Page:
TUCSON, Ariz. - The University of Arizona is set to open in a little over two weeks, and the University President predicts more than two hundred students will test positive for COVID 19 as soon as they arrive.
The university says it has quarantine space ready to go, and the data it’s using to track COVID cases will help develop a vaccine.
University of Arizona’s President Dr. Robert Robbins says the school is on track to open August 24th, and it’s expecting about five thousand students to check into dorms.
Dr. Robbins says, “We know that probably 200-250 are going to test positive and we're going to isolate them. They're all asymptomatic. And we're going to take them out of the population and have them isolated.”
Dr. Robbins says the University will have enough space to isolate about three hundred students. It has set aside space in three of its 23 dorms: Babcock, Coconino, and Kaibab-Huachuca. The University could book hotel space if the need exceeds that.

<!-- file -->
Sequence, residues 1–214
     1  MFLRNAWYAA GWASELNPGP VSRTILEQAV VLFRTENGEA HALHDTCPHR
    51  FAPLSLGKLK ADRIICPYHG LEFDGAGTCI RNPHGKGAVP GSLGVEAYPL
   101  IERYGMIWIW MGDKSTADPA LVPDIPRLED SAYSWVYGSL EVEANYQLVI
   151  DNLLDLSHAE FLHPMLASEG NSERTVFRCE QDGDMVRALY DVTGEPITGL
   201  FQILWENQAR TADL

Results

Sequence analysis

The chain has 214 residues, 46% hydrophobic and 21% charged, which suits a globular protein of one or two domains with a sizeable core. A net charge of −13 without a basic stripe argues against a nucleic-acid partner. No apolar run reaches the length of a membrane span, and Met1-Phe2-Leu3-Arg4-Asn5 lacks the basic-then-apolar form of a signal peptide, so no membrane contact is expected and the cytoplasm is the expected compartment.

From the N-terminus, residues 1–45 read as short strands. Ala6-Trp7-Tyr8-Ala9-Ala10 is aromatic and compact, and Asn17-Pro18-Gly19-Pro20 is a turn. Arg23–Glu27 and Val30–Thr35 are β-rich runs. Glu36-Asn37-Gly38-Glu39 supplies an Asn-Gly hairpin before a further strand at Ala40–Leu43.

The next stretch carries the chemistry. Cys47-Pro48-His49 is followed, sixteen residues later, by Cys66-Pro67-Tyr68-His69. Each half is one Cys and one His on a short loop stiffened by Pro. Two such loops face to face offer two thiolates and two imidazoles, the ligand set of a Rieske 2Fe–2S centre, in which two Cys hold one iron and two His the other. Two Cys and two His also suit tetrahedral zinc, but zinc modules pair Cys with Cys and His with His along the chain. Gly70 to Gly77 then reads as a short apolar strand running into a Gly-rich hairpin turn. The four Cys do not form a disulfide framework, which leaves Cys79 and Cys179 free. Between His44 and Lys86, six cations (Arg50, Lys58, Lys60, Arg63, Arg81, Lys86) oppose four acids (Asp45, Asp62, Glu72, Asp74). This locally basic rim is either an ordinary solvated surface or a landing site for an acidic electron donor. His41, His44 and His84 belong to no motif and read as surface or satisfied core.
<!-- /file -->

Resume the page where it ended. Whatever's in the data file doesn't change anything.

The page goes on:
He says extensive testing is the key to a safe reopening with a combination of in-person and remote teaching and that U of A’s test program, particularly antibody tests UA developed, could help create coronavirus vaccines.
Dr. Robbins says, “The Vaccine companies really want to partner with us because we have this data. So I think we're, we're in active discussions with a lot of the major manufacturers of potential vaccines and we would not be in this position at the University of Arizona had our incredible faculty not done all this work.”
Some faculty members worry UA is reopening too soon to be safe. Doctor Robbins says faculty can work out alternative arrangements or if they still feel at risk they can take a leave of absence and their jobs will be held for them.
As for faculty planning to press their concerns by forming a union, Robbins says if they form a union, he’ll support it.